An Area D resident’s case against both the City of Campbell River and the Strathcona Regional District over water rate hikes got to court just in time to proceed.
The case will now resume sometime later in the year.
In B.C. Supreme Court in Nanaimo last week, lawyers for both the city and SRD made the case around the timing of the petition launched by Area D resident Robert Benoit. The case was heard over two days, on Aug. 7 and 8.
The regional district’s counsel tried to argue the case did not fall within a two-month window from when the SRD board passed its new water rate bylaw.
“That claim is being brought under the Local Government Act, and that section of the Local Government Act requires that it be heard within two months,” said Benoit’s lawyer, Lisa Low.
As a result, Aug. 7 was the last day for the case to go to court.
“With the statutory holidays in between, we were still within that two months,” she said.
The SRD’s counsel had hoped to adjourn the matter, which would have extended the case past the deadline.
Low was able to present Benoit’s case before Justice Barbara Young by the end of the day on Aug. 8.
“With just a few minor issues that need to be dealt with … he’s got his case in,” Low said. “Then it will be left open to the Strathcona Regional District and Campbell River’s counsel to respond.”
Sara Dubinsky, who is representing the City of Campbell River, said her client as well as the regional district will present their cases when the matter resumes.
“The City has already filed its affidavit, as has the SRD,” she told the Mirror on Monday. “We both filed our affidavits and our responses to the petition.”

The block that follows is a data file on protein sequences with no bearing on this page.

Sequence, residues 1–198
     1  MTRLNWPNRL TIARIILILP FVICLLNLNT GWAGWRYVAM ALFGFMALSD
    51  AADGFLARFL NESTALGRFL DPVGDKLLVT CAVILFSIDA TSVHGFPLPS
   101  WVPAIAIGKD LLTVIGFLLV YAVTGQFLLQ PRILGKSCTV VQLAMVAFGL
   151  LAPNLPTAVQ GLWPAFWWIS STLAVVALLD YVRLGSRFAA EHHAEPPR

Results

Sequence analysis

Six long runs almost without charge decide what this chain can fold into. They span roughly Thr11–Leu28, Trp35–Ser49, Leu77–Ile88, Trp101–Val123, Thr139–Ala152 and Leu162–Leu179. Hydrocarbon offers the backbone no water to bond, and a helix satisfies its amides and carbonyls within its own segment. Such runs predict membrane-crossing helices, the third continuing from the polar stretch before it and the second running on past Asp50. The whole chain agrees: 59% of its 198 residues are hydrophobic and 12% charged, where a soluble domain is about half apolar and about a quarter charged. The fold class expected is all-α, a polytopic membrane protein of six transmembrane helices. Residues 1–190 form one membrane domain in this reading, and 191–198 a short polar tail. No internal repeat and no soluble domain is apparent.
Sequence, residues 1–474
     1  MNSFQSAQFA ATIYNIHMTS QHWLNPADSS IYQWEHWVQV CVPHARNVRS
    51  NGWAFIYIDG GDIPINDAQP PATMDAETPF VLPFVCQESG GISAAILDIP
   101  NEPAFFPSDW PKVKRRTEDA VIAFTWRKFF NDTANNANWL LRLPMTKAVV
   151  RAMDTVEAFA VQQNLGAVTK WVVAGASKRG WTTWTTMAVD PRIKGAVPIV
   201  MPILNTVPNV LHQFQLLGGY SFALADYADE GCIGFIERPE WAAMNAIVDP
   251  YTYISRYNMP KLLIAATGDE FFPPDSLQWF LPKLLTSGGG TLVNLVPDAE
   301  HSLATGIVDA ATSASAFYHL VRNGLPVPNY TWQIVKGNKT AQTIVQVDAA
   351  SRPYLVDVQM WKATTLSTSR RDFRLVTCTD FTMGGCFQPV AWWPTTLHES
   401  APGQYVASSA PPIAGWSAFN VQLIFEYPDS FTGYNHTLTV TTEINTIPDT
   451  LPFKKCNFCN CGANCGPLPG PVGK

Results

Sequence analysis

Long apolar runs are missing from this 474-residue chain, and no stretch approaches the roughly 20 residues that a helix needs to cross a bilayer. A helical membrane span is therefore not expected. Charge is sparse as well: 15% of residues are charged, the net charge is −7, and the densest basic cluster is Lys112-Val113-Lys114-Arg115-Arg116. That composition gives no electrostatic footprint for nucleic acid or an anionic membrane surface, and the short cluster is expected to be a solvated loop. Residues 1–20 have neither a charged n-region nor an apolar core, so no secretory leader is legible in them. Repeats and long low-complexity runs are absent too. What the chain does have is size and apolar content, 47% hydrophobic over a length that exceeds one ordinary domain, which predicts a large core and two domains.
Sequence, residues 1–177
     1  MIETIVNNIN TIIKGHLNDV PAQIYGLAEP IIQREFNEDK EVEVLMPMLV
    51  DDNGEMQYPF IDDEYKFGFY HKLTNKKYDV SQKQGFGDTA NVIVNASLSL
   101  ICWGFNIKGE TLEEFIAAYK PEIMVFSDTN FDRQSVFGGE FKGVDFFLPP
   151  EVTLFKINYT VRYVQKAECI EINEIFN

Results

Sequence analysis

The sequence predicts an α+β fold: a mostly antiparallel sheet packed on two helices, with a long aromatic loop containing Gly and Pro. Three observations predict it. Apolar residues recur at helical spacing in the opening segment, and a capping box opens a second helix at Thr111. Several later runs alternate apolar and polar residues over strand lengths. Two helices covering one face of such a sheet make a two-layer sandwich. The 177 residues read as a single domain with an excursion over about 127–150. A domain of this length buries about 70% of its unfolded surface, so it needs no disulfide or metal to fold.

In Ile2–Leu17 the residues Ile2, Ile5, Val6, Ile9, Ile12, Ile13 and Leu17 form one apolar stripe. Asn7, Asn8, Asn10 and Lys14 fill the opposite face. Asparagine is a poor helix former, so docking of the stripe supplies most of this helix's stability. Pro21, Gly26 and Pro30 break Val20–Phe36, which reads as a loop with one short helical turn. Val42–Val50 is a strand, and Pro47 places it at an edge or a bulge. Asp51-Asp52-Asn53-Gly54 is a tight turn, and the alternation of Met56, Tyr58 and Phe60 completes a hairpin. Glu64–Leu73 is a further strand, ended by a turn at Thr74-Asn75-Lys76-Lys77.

At issue, according to Benoit’s petition, is whether the city, which is the bulk water supplier to residents in the north part of Area D, overstepped its powers by charging for costs beyond the cost of supplying the water on the grounds that, as Area D residents live outside the city, the city does not have other means of funding the system, such as development cost charges or parcel taxes. Another question is the legality of the rate increase in the absence of a signed agreement. Area D Director Brenda Leigh has not supported the rate hikes and has not signed an agreement, according to her own affidavit.
Another question for the case is around cost, with Benoit asking that if his petition is successful, he receive special costs, or if not, that no costs be imposed against him. Benoit and his neighbour Jamie Wood started collecting funds for the case from other residents in the north part of Area D. (Residents in the south part of the electoral area are on a different water system.) The residents estimate their costs will be approximately $15,000.
Meanwhile, an SRD staff report from July estimates its case will cost $40,000. There is no estimate on city costs, as the City of Campbell River is not commenting on the case at this time.
Initially, the parties hoped to resume the case over a couple of days in September, but because of scheduling issues, it will most likely take place later in the year.
“We decided, to be safe, we’ll set it for another two days in front of the same judge,” Dubinsky said. “We don’t have confirmation yet as to when it will be. We’ve provided dates for the remainder of the fall.”